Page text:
When filing for bankruptcy, some people get the notion that they must do whatever they can to protect and preserve their finances and assets, including lying. It should go without saying but falsifying a bankruptcy filing is not the best idea or even a good idea at all. The bankruptcy court is thorough, looking under every metaphorical stone for money and valuables. If you are anything less than honest, take it from an experienced bankruptcy lawyer, they will find out sooner or later.
What Can Happen If You Lie to the Bankruptcy Court?
If you are wondering, “What is the worst that can happen if I am not honest during my bankruptcy,” consider this recent example out of North Carolina:
A debtor – call her Cindy – filed for Chapter 7 bankruptcy and included several parcels of real property as Aheld@ for other parties when, in fact, the parcels and two more than were completely unmentioned belonged to her. Cindy also chose not to disclose within her Statement of Affairs that prior to filing her case, she had been given an $80,000 insurance payout following a robbery; $47,500 was used to pay random debts to friends and family, and another $7,500 was actually a sham transaction that went straight into a hidden bank account, along with several other transactions.
When the bankruptcy court discovered, without much effort, her numerous nondisclosures, it cited 11 U.S.C. 727 (a)(4)(A) and denied her filing altogether. But simply losing her chance at a successful bankruptcy filing was not her only concern. The court also referred the case over to the United States Attorney’s office for investigation of criminal wrongdoing. If charged and convicted of the fraud, Cindy could face high fines and incarceration.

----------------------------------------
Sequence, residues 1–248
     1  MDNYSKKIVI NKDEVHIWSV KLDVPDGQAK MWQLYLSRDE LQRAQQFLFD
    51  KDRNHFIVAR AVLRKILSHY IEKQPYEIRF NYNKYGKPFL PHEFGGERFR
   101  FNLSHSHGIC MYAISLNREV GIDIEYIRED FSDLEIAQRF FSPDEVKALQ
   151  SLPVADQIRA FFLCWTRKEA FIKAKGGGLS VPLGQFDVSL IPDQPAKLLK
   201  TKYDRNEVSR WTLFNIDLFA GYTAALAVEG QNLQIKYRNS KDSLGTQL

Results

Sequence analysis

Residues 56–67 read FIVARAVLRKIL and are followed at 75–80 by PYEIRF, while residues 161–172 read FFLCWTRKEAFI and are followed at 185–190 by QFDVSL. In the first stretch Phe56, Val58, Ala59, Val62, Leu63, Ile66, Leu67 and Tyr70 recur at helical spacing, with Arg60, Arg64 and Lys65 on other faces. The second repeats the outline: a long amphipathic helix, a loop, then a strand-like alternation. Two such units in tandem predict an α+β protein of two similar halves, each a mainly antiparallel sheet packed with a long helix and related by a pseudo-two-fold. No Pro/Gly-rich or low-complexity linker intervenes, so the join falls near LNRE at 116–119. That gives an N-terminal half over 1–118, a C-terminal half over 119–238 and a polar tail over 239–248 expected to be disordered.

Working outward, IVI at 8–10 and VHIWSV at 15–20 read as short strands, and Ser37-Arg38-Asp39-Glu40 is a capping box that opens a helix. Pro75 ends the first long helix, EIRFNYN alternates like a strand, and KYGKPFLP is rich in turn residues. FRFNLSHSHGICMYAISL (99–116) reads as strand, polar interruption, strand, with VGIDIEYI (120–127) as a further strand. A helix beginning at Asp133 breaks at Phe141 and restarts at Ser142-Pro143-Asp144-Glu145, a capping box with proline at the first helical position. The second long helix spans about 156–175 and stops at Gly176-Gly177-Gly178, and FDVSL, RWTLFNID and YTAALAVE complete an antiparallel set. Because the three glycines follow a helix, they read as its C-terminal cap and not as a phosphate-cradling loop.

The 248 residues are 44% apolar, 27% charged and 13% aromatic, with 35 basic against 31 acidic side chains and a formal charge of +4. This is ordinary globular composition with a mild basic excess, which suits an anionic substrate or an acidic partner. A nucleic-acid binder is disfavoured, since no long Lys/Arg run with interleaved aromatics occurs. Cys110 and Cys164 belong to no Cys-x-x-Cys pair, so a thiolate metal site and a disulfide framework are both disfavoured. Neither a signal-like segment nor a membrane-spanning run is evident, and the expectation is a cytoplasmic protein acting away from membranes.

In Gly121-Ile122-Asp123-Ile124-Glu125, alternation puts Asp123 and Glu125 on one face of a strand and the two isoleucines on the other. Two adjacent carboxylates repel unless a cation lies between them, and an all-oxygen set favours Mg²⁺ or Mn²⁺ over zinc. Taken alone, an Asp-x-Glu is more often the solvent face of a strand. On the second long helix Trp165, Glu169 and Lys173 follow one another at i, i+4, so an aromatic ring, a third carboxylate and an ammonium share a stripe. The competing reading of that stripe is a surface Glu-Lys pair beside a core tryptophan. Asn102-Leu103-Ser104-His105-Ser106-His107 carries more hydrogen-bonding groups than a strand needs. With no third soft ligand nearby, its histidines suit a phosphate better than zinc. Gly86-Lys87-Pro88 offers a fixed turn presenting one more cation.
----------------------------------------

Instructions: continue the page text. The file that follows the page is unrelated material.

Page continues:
What is the Moral of the Story?
The lesson to learn from Cindy’s mistakes is that you need to always tell your lawyer everything when you are filing for bankruptcy. Trying to sweep things under the proverbial carpet just doesn’t work and puts everything you have in jeopardy and could put you behind bars.
If you are thinking about filing for bankruptcy in Arizona, contact the Law Office of Harold E. Campbell P.C. Our Mesa bankruptcy attorneys would happen to go over your legal options and reaffirm why you must be honest in your bankruptcy filing, during an initial consultation.